The first commercially available box for re-amping has been tweaked and revised over the years.
“In 1913 Italian Futurist Luigi Russolo proposed something he termed the ‘Art of Noises.’ Recordings of any sound (anything was legitimate) were made on Berliner discs and played back via ‘noise machines’ in live scenarios and re-recorded on ‘master’ disc cutters. This concept was furthered by Pierre Schaeffer and his ‘Musique Concrète’ electronic music concept in the ’30s and ’40s. Schaeffer would utilize sounds such as trains in highly manipulated processes to compose new music ideas. These processes often involved the replaying and acoustic re-recording of material in a manipulated fashion. Other experimenters in this area included Karlheinz Stockhausen and Edgard Varèse.
“With the possibilities presented by magnetic recording, the process of what might be termed re-amping was utilized in other ‘pop’ music areas. Perhaps the first person to take advantage of this was Les Paul. His recordings with Mary Ford often utilized multiple harmonies all performed by Mary. Initially these harmonies were performed via the re-amping process. Later, Les convinced Ampex to make the first 8-track recorder so that he might utilize track comping to perform a similar function. Les is also credited with the utilization of the re-amping process for the creation of reverberant soundfields, by placing a loudspeaker at one end of a long tunnel area under his home and a microphone at the other end. Reverberation time could be altered with the placement of the microphone with respect to the loudspeaker playing back previously recorded material.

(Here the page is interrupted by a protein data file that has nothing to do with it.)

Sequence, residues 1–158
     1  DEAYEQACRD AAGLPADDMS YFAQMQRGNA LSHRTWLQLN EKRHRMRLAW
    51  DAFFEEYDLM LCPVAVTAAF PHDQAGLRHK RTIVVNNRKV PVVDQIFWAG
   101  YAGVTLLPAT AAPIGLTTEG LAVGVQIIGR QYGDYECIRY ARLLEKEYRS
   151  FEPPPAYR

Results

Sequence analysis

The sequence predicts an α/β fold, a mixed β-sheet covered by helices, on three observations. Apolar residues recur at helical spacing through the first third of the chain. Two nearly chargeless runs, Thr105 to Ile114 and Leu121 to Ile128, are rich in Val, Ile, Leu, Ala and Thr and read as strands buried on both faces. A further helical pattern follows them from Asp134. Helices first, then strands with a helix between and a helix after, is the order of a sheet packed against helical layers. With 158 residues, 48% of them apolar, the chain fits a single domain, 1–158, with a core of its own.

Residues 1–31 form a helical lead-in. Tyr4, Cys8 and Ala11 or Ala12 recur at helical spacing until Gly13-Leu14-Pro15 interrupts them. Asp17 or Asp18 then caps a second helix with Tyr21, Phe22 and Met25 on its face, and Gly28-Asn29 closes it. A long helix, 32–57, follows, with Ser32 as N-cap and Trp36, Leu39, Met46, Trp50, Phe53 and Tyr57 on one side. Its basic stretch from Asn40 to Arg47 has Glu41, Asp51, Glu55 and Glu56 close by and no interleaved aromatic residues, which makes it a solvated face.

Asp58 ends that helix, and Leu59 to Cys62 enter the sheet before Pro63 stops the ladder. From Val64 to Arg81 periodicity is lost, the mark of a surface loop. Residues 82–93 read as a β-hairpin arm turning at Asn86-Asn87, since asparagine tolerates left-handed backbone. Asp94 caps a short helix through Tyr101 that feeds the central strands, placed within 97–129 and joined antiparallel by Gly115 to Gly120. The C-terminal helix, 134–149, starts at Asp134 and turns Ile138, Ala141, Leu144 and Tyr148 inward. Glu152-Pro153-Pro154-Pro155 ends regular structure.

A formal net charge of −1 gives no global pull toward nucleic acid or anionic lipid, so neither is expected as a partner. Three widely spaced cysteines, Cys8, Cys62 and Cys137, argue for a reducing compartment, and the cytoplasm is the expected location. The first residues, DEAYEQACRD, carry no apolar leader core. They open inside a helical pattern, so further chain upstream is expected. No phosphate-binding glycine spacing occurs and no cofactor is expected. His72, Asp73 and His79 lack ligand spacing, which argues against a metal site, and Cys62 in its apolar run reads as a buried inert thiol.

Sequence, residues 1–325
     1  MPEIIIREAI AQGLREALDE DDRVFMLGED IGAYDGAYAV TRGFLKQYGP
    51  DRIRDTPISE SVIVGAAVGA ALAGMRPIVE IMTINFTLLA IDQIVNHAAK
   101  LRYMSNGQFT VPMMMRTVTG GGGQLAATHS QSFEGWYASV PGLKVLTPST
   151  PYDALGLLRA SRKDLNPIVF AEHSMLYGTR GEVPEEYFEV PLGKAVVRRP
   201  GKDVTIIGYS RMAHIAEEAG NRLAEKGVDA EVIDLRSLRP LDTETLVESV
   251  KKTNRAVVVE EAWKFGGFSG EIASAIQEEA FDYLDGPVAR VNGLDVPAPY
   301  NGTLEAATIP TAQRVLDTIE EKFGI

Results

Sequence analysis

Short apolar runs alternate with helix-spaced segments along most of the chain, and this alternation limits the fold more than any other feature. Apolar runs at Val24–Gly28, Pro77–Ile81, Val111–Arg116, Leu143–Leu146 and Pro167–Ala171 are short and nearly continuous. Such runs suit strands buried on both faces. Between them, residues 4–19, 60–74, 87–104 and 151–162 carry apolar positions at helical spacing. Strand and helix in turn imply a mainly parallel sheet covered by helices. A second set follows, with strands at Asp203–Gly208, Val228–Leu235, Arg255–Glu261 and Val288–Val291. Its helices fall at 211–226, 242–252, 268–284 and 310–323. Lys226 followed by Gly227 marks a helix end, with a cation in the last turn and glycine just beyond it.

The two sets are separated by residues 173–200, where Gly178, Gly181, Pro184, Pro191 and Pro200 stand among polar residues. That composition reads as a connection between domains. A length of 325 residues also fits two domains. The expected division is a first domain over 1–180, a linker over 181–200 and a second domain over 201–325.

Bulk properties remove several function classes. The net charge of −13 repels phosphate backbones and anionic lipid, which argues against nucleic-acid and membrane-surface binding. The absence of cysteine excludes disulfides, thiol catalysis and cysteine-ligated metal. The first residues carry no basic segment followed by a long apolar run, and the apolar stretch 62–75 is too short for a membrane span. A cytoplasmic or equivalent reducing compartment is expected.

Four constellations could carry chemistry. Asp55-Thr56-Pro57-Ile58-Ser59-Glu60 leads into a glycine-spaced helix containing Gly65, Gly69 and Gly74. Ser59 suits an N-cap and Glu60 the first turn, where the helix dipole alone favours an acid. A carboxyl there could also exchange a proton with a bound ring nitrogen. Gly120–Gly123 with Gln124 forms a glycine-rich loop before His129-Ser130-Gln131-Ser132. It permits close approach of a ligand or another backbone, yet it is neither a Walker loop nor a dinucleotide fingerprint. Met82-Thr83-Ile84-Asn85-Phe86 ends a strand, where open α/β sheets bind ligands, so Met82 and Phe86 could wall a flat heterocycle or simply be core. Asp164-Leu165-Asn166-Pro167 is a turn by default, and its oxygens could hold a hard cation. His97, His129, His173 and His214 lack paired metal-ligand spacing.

“Wall of sound pioneer Phil Spector is perhaps the most widely accredited for the use of the re-amping process, and because of his association with the Beatles, is potentially regarded today as the developer of the process. However, Phil was actually refining a process and exploring its possibility for use in rock music.
One of the most powerful tools for expanding your sonic pallet in the studio is a reamping box–a box that converts the output from your mixer/interface/tape machine to an instrument-level signal. Suddenly, all of your guitar amps, effects pedals, and synthesizers become effects for any signal you can throw at them.
A reamping box is a great first-project for DIY beginners: it’s totally passive (you can’t shock yourself), there are a limited number of solder joints to make, and there’s plenty of room to make those joints. For a better idea of what’s involved in this build, check out this video on how to make a simple reamping box: here